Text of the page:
Regular readers know I jump at any opportunity to try interesting wines, especially from regions that I'm unfamiliar with. I've been hearing about Indian wines off and on for a while now, and I took special note when I saw recently that some famous winemakers like Michel Rolland were going there to help people make wine. India is such a huge country with such a wide range of topography that there just have to be places that are good for growing wine grapes, provided there were people with the interest and the expertise to do so.
Apparently, the Nashik region of northern Maharashtra has been growing table grapes with success for decades, so it was only a matter of time before someone decided to sink some wine vines in the ground and see what happened.
One of the earliest pioneers was Rajeev Samant. Samant was a Stanford-educated software engineer who at a certain point in his career as a finance manager at Oracle decided there was another path he needed to take through life. He quit his job and decided to follow his passion for wine back to his home country. After some initial investigations and after enlisting the help of California winemaker Kerry Damskey (recently of Palmeri Vineyards and several others) Samant took a gamble and started what was effectively India's first commercial winery.
Sula Vineyards has now been around for almost 10 years and its hard to call it anything other than an unqualified success, if only for the fact that it has not only created an Indian wine industry from scratch, but also because wine consumption in India has been growing steadily since Sula wines appeared on the market there. In addition to making wines for local consumption, Samant has also taken the step of becoming an importer in order to better contribute to the growth of the industry.
Sula Vineyards makes a large number of wines including a Shiraz; a Zinfandel; a Cabernet/Shiraz blend; a Merlot; a red blend, white blend, and rose that all include some indigenous Indian varieties, a Rose of Zinfandel, a Sauvignon Blanc, a sparkling wine, a late harvest Chenin Blanc, as well as this off-dry Chenin Blanc.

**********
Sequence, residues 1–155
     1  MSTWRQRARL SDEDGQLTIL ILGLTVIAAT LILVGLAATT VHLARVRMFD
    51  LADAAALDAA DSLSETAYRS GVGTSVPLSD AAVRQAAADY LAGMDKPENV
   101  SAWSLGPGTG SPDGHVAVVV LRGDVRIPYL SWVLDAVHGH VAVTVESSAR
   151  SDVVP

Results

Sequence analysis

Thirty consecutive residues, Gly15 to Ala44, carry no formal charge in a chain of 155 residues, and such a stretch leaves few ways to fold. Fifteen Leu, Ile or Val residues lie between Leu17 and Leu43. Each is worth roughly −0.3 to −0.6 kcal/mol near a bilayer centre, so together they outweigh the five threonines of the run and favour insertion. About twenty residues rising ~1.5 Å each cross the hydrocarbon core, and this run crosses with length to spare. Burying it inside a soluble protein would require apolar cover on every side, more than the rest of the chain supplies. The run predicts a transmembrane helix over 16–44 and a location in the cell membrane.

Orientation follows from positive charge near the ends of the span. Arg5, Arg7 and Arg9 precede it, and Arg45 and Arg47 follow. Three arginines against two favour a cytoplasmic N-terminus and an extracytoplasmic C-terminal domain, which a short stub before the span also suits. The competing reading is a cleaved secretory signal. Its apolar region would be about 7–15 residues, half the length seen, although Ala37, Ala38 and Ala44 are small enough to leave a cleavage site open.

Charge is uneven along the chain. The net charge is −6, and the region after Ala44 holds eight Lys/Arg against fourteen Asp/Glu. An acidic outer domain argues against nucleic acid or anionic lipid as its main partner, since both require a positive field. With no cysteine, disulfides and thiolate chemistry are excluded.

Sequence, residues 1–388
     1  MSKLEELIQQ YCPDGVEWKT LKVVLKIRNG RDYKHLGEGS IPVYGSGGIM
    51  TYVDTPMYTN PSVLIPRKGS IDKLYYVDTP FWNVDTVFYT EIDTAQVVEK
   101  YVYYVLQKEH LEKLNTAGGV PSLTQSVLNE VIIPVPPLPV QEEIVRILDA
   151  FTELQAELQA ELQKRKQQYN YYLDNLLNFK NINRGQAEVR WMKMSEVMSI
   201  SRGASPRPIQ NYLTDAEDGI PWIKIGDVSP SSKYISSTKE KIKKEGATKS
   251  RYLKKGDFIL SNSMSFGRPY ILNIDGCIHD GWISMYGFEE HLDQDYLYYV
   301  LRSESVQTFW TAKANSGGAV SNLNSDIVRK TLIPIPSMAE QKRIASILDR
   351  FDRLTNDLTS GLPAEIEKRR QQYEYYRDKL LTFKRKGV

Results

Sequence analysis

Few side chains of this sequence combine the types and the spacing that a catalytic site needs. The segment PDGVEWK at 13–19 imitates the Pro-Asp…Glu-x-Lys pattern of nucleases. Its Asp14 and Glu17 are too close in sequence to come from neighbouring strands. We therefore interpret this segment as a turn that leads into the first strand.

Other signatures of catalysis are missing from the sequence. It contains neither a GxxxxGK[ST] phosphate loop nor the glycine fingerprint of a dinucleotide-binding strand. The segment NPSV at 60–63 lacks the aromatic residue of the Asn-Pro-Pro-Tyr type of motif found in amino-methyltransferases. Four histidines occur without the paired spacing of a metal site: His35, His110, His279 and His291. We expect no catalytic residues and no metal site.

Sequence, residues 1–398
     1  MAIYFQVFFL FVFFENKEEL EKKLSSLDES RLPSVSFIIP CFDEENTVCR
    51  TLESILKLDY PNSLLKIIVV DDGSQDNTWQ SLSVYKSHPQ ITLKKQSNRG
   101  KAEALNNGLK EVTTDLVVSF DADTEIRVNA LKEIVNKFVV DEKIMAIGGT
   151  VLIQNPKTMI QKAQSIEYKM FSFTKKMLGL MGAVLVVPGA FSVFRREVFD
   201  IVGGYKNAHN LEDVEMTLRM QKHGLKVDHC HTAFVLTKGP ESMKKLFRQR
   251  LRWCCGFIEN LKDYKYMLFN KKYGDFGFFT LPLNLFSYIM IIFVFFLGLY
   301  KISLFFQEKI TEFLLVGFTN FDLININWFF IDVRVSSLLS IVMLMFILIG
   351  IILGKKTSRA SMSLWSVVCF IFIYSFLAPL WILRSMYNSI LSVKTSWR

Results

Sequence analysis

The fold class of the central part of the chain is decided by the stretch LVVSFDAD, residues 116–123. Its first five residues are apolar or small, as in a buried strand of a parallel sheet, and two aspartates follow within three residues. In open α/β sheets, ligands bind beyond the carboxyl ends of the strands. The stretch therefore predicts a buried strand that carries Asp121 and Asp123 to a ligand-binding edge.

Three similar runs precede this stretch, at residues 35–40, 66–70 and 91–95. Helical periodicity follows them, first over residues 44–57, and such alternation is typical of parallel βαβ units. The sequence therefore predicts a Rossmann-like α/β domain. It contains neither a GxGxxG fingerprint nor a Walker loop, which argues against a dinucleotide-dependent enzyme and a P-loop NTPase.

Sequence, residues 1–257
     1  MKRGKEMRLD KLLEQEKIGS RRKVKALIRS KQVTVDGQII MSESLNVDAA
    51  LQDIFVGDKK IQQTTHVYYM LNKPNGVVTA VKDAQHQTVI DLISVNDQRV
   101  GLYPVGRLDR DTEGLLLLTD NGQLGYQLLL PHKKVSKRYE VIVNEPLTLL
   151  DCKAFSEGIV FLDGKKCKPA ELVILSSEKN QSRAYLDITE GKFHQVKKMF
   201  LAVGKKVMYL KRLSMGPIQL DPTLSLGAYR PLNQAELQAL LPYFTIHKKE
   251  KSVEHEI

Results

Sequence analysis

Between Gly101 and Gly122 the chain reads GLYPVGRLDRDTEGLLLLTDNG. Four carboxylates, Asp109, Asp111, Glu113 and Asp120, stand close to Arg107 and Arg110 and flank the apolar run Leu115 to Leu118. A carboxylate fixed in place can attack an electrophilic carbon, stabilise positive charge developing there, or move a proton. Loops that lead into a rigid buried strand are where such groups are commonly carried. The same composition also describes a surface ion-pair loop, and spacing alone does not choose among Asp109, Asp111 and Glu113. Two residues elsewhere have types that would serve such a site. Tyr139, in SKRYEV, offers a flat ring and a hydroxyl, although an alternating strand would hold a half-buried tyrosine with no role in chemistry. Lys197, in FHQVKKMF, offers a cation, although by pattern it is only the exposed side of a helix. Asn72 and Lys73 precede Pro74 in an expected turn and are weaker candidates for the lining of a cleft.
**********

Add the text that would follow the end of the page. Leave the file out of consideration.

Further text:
The grapes are grown in the foothills of the Western Ghats, the mountains found about 200km outside of Mumbai, India. In certain places these rolling hills resemble the stairs down to rivers and lakes (which are also referred to as ghats), and they offer well drained soils and a fairly wide range of day and night temperatures as required for healthy vinifera vines. Sula seems to be focused on sustainable agricultural practices such as organic composting instead of chemical fertilizers, and hopes to be fully fertilizer and pesticide free some day.
I was really pleasantly surprised by this wine, not because it ended up being profound, but because it is clearly a solidly made wine, without flaws, and an excellent value. Having had the chance to taste it I will be encouraged to try other Indian wines, and to check out the vineyards whenever it is that I make it to India for a visit.
Finally, let me go on record here as saying that I'm sure someone will eventually find some good limestone terroir in the Northern foothills of that subcontinent (roughly at the same latitude as California's Central Coast), and one day we'll even see really high-end wines coming from India. Who knows? They might even come from Sula.
A classic straw color in the glass this wine has a soft nose of stewed apples, lychee fruit, and a hint of minerality. In the mouth it has a light sweetness with a good acid balance and primary flavors of tart Fuji apples. The fruit flavors and the sweetness remain crisp and pleasant throughout the palate, though lacking in significant complexity. Well chilled, this is a very pleasant, if uncomplicated wine to drink, especially with spicy foods.
It's not surprising that this Indian wine might pair well with a wide variety of Indian foods. I had it with squid in a red curry and chives sauce as well as with a Tamil lamb curry, and it met the intense heat and complex exotic spices of both extremely well.
Overall Score: 8/8.5
How Much?: $13
This wine is available for purchase on the internet.
A wine book like no other. Photographs, essays, and wine recommendations. Learn more.
Vinography Images: Cold Snap Cincinnati Here I Come! Happy Thanksgiving from Vinography Vinography Unboxed: Week of November 23, 2014 Putting a Cork in Your Thanksgiving Wine Anxiety Plumbing the Depths of Portugal: A Tasting Journey Vinography Images: Rain at Last The Mysterious Art of Selling Direct Critical Consolidation in Wine What Has California Got Against Wineries?
Masuizumi Junmai Daiginjo, Toyama Prefecture Wine.Com Gives Retailers (and Consumers) the Finger 1961 Hospices de Beaune Emile Chandesais, Burgundy Wine Over Time The Better Half of My Palate 1999 KirÃ¡lyudvar "Lapis" Tokaji Furmint, Hungary What's Allowed in Your Wine and Winemaking Why Community Tasting Notes Sites Will Fail Appreciating Wine in Context The Soul vs. The Market 1989 Fiorano Botte 48 Semillion,Italy